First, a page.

An Ode to ‘In the Flesh’
(Heavy spoilers for all nine episodes of In the Flesh. If you’re interested but haven’t watched yet, go for it! It is especially enriching to go in with little foreknowledge!)
In the Flesh has a tragic story to tell: in the rural, English town of Roarton, two childhood best friends became something more. Kieren Walker, forever the outsider: a kind, gentle artist who never fit in with the rougher, country villagers. The other one, Rick Macy, naturally fit in–and had to–because his father’s standards required it. Weighed down by this, and the impending likelihood of Kieren going to art school, Rick joins the military and ships off to Afghanistan where he is killed in action. Upon hearing this, and believing it to be his fault, Kieren commits suicide. Two families left in tatters. A tragedy. But what if you died in 2009 and for whatever reason (the show’s mythology is still murky), you come back. Zombiefied. Like Kieren Walker.
In the Flesh quickly develops mystery around its zombie canon while establishing its own ground rules. Like, for instance, it appears that only these special 2009 deaths rise up. While this isn’t explicitly discussed, it appears that this caveat makes the zombie threat manageable for the human race. The world isn’t completely overrun in one night. Also factoring into the manageability is the fact that this isn’t a virus. Human victims and those who are bitten are not transformed into the undead. The zombie population isn’t exponentially increasing in the days after “The Rising”. Another welcome change: the world is very much aware of the pop culture conception of a “zombie”. In some other fictional worlds, like The Walking Dead, the narrative treats the idea of a zombie as unheard of and novel; there are no self-aware meta moments when Rick turns to Glen and laments about their situation versus the situation in Night of the Living Dead. The show intentionally dances around and never uses the word “zombie”. In the Flesh exists in a world similar to ours, one where people have long been exposed to zombie films and basic mythology. I find this extremely refreshing to have a tale where people are actually aware of the concept, even if it might be intentional. The series might conjure to our minds ideas that we typically have about zombies to then juxtapose and highlight where differences lie with their narrative. This makes it easier for the writers to pave their own path.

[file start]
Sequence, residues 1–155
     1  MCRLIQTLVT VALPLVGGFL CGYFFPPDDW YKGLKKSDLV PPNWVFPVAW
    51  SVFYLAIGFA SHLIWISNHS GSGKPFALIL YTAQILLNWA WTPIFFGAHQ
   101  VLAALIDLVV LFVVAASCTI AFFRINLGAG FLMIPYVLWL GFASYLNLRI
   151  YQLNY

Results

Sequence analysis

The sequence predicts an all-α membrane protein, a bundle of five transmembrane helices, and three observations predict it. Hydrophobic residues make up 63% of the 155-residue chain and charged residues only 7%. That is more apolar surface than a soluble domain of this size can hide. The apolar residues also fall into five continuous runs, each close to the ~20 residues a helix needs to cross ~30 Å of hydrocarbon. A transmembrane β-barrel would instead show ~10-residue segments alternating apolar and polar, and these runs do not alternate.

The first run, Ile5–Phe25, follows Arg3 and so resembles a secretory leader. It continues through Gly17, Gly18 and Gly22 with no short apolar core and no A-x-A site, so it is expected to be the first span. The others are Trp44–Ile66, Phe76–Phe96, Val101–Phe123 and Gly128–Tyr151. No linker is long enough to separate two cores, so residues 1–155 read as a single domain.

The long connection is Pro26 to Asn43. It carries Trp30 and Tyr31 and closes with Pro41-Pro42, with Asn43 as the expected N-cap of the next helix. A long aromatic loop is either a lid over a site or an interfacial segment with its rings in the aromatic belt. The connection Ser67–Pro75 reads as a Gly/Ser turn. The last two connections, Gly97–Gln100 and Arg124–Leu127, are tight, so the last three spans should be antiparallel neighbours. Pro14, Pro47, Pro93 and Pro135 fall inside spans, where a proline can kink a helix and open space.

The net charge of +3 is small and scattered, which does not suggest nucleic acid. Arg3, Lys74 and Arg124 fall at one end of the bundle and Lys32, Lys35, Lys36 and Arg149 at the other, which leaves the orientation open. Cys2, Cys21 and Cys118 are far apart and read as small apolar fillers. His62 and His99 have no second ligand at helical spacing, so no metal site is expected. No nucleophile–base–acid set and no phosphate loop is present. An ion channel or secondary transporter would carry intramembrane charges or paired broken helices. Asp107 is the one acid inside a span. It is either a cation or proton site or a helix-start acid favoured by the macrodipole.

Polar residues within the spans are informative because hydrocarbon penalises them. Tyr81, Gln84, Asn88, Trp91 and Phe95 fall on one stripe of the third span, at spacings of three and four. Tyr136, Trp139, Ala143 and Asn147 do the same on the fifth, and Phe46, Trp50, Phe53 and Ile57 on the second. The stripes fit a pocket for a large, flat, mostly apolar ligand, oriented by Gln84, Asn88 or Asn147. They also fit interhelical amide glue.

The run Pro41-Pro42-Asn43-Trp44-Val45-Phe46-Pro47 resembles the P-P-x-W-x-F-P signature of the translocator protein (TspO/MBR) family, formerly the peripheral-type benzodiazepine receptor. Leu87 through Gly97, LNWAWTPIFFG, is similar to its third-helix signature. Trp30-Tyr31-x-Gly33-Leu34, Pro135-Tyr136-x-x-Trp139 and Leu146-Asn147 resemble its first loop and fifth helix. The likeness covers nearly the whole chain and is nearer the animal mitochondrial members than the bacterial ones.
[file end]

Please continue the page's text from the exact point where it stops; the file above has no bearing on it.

Not that In the Flesh over-utilizes “zombie”. It distinguishes itself with its own terminology as well: “undead” as the preferred term by many of the, well, undead; “Partially Deceased Syndrome (PDS) sufferers” as the government-created PC label; and “rotter” as the derogatory name given to them by the living.
But, back to the tragedy: Kieren doesn’t stay dead. He’s a rehabilitated PDS sufferer, sent back to live with his family. And when he returns, he has a lot to deal with: a family struggling with seeing a son/brother who committed suicide and didn’t even leave a note; one of the most anti-PDS towns in England; and, the undead return of Rick as well as the continued dominance of Rick’s father. Toss that in with Kieren’s personal struggle and shame over what he has become and hesitance over joining in with other members of the undead population. But along the way he makes friends: most notably, Amy Dyer, who is perhaps the liveliest person in the town, despite being undead.
I would recommend In the Flesh for so many reasons, but primarily for its power to move the viewer. For the first time ever, I can claim a zombie show actually moved me to tears. And not just a few. I’m talking about, full-on, near bawling my eyes-out whimpers. It teases out its mythology by making the viewer work for questions, while also providing satisfying answers. The series does a striking amount of character work in its limited run. Most of the characters grow in welcome ways, although some changes seem rushed and out of left field. That is perhaps the only caveat to my otherwise glowing recommendation.
The writers and creators clearly have a distinct narrative to tell with multiple avenues to take the local and over-arching stories. Here’s to In the Flesh getting a chance to continue their unique examination of “life” through a supernatural lens.